Hundreds detained in Zimbabwe protests as UN denounces crackdown

Fatalities as security forces use violence to quell unrest over 150% fuel price hike

Pastor and activist Evan Mawarire arrives to appear in court in Harare, Zimbabwe. He  faces charges of subverting a constitutionally elected government. Photograph: Aaron Ufumeli

Pastor and activist Evan Mawarire arrives to appear in court in Harare, Zimbabwe. He faces charges of subverting a constitutionally elected government. Photograph: Aaron Ufumeli

 

Hundreds of Zimbabweans arrested during anti-government protests were detained on Friday on public order charges, as the United Nations urged an end to a brutal security crackdown and an internet blackout.

The government has said three people died during the unrest that broke out on Monday after President Emmerson Mnangagwa raised fuel prices by 150 per cent. Lawyers and activists say the toll was much higher and that security forces used violence and carried out mass arrests to quell the unrest.

Among about 400 people charged by magistrates on Friday was pastor Evan Mawarire, a rights activist who rose to prominence as a critic of Robert Mugabe’s rule and led a national protest in 2016.

He will stand trial on more serious charges of subverting the government after encouraging Zimbabweans via social media to heed a strike call from unions. His lawyer Beatrice Mtetwa said she would lodge a high court appeal for him to be released on bail. Pastor Mawarire faces up to 20 years in jail if convicted.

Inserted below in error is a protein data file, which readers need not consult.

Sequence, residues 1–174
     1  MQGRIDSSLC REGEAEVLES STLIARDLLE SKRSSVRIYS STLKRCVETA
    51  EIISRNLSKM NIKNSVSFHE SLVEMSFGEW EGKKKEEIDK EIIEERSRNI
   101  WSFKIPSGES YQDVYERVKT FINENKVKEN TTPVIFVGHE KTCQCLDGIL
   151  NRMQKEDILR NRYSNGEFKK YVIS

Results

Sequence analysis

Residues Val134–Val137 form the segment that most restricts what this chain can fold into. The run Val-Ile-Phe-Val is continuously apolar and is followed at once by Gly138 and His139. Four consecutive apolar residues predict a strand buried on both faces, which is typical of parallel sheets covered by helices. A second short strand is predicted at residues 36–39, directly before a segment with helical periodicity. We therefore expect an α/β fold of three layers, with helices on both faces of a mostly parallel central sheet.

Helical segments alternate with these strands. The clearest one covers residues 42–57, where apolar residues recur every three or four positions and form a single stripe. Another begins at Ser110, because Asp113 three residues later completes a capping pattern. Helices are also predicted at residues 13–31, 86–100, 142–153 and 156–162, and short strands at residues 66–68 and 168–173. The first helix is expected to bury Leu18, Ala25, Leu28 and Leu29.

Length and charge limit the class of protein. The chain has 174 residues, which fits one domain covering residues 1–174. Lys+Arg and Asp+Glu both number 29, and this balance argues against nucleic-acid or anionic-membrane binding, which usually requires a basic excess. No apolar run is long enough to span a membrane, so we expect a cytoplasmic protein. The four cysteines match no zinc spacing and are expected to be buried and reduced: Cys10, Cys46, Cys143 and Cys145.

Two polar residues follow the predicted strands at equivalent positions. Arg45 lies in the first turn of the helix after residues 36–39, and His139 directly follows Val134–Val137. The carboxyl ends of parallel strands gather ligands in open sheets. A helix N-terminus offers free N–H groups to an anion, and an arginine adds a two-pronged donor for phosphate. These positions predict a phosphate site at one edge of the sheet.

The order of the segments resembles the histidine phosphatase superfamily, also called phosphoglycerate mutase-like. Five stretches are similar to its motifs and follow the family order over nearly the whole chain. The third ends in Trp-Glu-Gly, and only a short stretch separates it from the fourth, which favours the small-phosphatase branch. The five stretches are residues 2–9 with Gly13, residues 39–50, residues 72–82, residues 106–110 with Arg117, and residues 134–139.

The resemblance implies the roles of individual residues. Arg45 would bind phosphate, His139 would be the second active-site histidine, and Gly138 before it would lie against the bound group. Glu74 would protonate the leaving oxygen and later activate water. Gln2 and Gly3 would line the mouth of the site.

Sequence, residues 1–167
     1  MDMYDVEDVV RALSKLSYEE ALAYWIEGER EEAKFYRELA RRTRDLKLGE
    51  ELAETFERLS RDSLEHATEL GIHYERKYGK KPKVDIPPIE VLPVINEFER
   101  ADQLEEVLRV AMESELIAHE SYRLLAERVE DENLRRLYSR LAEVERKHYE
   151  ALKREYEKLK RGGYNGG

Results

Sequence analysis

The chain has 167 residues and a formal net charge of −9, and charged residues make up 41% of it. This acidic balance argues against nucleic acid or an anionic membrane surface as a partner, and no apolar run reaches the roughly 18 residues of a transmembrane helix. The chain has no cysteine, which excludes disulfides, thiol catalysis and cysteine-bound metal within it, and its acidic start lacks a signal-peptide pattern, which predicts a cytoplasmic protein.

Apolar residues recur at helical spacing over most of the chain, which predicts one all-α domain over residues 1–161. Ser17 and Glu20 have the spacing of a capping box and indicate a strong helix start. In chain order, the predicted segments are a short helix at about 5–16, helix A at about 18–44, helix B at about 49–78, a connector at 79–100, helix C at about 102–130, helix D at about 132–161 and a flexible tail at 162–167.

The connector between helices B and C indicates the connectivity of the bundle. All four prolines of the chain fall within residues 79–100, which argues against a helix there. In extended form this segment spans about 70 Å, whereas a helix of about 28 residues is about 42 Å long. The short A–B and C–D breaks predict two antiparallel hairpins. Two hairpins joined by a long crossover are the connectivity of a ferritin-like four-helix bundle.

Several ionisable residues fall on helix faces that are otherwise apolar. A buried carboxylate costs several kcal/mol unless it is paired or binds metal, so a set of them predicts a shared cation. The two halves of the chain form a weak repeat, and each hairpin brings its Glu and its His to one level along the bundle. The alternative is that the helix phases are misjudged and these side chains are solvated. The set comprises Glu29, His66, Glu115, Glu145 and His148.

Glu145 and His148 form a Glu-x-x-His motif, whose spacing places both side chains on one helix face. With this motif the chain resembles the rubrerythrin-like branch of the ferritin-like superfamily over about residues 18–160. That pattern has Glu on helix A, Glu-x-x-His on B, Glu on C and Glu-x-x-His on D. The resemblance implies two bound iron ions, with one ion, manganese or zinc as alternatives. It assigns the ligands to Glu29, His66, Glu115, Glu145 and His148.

The internet was blacked out for much of the day, until authorities began gradually lifting a ban that had disabled some electronic communications in the country since Tuesday.

Intimidation and harassment

In Geneva, the UN human rights office called on the government to halt the crackdown and denounced allegations of “generalised intimidation and harassment” of protesters.

As life returned to a semblance of normality in Harare, civilians ventured outside to stock up on food and other supplies while police continued to patrol the streets.

Jacob Mafume, spokesman for the main Movement for Democratic Change opposition party, said he feared the web blackout was a prelude to more violence. “The world must quickly step in to remove this blanket of darkness that has been put on the country,” he said earlier in the day.

Authorities have yet to respond to the allegations of a crackdown, but many Zimbabweans believe Mnangagwa – a former Mugabe ally – is falling back on his predecessor’s tactics by using intimidation to crush dissent.

The president has also failed to make good on pre-election pledges to kickstart the ailing economy – beset by high inflation and a currency shortage, and the trigger for this week’s protests.

Referring to allegations of night-time door-to-door searches against demonstrators and beatings by police, UN human rights spokeswoman Ravina Shamdasani said hospital medics had treated more than 60 people for gunshot wounds. “This is not way to react to the expression of economic grievances by the population,” she said. – Reuters